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NASA puts a key satellite in place for its Mars 2020 mission

It's tightening the MAVEN probe's orbit and bringing it closer to the red planet.
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NASA is preparing for the Mars 2020 mission by bringing the MAVEN probe, which will act as its antenna and connection to Earth, closer to the red planet. Over the next few months, the spacecraft will fly closer and closer to Mars until it's only 2,800 miles above the surface, down 1,050 miles from its current orbit. That will boost the probe's communications capabilities: As MAVEN principal investigator Bruce Jakosky explained, "It's like using your cell phone. The closer you are to a cell tower, the stronger your signal."

To tighten MAVEN's orbit, NASA will fire its thrusters in the next few days to lower its altitude a bit. It will then rely on the drag provided by the red planet's upper atmosphere to slow it down every time it circles and planet and to change its trajectory in a technique known as "aerobraking." NASA says aerobraking, which can be described as something like putting your hand outside a moving car, will allow the agency to achieve its goal while using very little fuel.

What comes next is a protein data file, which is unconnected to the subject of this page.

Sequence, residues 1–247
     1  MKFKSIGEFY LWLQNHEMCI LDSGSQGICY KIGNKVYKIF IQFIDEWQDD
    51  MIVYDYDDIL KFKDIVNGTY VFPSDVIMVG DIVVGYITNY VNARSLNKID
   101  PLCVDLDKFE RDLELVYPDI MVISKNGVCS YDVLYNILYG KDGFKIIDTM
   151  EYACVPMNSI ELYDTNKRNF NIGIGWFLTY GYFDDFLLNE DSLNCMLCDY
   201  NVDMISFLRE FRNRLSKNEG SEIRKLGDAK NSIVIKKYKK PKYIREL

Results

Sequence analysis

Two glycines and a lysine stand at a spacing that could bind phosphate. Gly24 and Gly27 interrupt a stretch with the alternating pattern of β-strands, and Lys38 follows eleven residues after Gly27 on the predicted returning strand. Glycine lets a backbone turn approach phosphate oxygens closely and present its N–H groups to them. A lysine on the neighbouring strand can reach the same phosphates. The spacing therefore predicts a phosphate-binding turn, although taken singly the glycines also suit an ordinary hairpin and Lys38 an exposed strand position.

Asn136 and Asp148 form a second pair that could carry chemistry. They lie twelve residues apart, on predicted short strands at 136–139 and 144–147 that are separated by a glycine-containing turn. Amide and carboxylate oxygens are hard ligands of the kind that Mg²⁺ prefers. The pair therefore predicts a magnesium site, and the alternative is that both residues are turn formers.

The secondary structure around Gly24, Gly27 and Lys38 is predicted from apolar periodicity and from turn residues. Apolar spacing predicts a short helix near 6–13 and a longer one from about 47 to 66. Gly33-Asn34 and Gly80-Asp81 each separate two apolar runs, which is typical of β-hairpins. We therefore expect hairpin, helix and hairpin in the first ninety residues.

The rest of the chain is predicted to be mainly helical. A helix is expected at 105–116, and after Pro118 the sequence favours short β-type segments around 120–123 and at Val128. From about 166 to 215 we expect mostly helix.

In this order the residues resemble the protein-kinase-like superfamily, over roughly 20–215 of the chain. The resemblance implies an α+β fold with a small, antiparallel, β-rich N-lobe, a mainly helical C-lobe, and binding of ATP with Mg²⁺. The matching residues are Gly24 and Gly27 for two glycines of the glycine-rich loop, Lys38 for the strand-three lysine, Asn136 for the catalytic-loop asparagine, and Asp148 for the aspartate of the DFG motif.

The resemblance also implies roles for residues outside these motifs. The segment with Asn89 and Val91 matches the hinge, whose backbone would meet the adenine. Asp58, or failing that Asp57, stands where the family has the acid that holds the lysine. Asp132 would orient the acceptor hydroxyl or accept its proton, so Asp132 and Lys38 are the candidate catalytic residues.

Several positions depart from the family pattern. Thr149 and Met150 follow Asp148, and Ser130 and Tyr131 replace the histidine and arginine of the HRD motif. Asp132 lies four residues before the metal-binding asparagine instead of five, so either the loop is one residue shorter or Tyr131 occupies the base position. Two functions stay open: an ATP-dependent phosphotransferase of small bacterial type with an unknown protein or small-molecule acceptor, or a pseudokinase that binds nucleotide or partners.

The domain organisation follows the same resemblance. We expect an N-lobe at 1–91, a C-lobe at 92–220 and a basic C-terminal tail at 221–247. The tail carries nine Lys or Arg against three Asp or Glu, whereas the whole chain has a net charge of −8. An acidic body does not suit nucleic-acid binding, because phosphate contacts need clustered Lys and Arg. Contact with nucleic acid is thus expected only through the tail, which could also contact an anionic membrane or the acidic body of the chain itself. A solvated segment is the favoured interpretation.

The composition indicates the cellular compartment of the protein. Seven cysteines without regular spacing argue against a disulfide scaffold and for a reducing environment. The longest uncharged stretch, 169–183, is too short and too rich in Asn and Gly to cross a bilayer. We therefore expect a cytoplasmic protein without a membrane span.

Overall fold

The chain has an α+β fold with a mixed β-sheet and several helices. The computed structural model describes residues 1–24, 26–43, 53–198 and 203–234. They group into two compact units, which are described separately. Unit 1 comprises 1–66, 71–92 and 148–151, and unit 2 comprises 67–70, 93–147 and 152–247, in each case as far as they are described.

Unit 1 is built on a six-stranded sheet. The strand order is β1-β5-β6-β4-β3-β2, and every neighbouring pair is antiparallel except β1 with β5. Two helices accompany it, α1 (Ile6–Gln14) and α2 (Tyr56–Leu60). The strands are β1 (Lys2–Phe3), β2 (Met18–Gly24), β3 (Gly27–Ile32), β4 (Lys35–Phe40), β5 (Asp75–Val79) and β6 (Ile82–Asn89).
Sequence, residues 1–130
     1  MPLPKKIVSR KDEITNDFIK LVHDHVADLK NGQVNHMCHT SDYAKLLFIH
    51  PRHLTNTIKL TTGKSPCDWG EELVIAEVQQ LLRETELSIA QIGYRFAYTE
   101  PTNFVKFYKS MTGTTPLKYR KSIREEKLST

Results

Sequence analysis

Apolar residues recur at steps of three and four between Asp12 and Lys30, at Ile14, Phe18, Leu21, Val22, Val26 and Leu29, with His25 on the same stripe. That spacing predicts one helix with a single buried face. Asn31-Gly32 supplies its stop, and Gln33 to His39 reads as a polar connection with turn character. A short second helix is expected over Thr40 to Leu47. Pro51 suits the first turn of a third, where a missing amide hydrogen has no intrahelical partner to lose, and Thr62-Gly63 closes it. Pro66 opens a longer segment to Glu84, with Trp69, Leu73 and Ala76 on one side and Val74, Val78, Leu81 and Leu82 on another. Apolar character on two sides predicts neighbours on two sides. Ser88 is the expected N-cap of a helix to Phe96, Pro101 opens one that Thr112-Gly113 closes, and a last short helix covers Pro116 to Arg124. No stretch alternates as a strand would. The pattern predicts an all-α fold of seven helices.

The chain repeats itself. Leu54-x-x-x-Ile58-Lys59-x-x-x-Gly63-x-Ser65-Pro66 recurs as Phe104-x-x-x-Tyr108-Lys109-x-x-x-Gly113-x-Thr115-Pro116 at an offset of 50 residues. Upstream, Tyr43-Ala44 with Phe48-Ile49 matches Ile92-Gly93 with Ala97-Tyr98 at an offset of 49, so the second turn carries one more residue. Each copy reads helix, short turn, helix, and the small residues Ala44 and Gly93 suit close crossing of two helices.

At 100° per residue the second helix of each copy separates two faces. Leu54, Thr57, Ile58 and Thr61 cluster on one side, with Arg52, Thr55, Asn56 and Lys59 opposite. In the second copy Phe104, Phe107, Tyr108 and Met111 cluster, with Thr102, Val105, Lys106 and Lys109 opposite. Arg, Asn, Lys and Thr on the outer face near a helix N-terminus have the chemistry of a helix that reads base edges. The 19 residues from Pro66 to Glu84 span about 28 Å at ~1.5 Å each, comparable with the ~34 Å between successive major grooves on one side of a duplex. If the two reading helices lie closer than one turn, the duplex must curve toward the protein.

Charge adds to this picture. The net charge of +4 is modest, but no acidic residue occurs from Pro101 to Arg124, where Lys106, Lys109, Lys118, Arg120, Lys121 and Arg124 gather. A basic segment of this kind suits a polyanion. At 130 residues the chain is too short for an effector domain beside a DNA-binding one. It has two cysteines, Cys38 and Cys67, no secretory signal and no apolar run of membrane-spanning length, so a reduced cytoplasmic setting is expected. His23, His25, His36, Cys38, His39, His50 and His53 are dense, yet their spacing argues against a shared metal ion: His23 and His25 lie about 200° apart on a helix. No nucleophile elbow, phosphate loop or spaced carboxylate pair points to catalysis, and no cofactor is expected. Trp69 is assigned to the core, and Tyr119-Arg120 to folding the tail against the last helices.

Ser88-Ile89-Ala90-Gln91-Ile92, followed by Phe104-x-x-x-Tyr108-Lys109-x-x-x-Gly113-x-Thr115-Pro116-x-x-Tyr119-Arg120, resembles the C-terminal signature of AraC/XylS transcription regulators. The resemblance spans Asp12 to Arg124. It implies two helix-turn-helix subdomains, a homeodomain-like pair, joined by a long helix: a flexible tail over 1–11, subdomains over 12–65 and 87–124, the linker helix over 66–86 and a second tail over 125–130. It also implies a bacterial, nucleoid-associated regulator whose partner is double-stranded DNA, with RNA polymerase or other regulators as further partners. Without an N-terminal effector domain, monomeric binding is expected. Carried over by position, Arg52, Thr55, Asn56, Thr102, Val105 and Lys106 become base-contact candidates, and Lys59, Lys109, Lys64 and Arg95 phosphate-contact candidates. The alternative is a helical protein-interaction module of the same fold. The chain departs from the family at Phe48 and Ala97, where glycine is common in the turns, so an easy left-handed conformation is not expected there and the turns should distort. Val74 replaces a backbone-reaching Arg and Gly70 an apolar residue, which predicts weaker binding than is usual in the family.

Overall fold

In addition to providing a stronger signal for the rover, the move will also allow the spacecraft to communicate with Mars 2020 more frequently. By orbiting at a lower altitude, the probe can circle Mars 6.8 times per (Earth) day instead of just 5.3 times, giving it a way to receive more data. MAVEN, which stands for Mars Atmosphere and Volatile EvolutioN, was deployed to take a closer look at the Martian atmosphere and water. Since it entered the Martian orbit in 2014, it was able to help scientists determine that solar wind and radiation were responsible for stripping Mars of most of its atmosphere and that the planet has two types of auroras, among other discoveries.

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